Luke 7:2 And a certain centurion's servant, who was dear to him, was sick, …

Luke 8:42 For he had one only daughter, about twelve years of age, and she …

(46) So Jesus came again into Cana of Galilee.--He returns to the place where He had manifested His glory and knit to Himself in closer union the first band of disciples. This thought is present to the writer as the reason why He went there. It was the place "where He made the water wine."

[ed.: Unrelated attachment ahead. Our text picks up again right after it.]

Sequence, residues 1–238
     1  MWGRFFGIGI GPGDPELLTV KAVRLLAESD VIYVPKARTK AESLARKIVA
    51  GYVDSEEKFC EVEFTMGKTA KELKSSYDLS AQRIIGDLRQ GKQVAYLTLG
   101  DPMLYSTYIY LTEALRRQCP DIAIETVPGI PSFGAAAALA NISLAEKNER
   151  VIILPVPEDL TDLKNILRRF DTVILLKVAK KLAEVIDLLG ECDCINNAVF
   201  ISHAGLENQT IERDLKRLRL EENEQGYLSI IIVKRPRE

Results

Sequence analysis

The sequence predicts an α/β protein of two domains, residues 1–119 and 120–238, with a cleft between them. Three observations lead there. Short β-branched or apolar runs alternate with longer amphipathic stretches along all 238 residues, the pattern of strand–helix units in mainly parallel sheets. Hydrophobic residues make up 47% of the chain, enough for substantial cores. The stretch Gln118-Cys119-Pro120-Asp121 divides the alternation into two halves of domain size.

And there was a certain nobleman.--The margin shows the difference of opinion among-our translators as to what English word gives the true idea of the position of the person who is in the text called "nobleman." The Greek word is an adjective formed from the word for "king," and as a substantive occurs nowhere else in the New Testament. It is frequent in Josephus, who uses it in our sense of courtier, or for a civil or military officer, but not for one of the royal family. The king, whose "king's man" is here spoken of, was almost certainly Herod Antipas, who was left the kingdom in his father's first will, and is called "king" by St. Matthew (Matthew 14:9) and by St. Mark (Mark 6:14). The person here named may therefore be a "royalist" or "Herodian" (comp. Matthew 22:16; Mark 3:6), but in a domestic incident like this the reference would be to his social position rather than to his political opinions. Perhaps "king's officer" represents the vagueness of the original better than any other English term. It is not improbable that the person was Chuza, and that his wife's presence in the band of women who followed Christ (Luke 8:3) is to be traced to the restoration of her child. For the position of Capernaum, see Note on Matthew 4:13.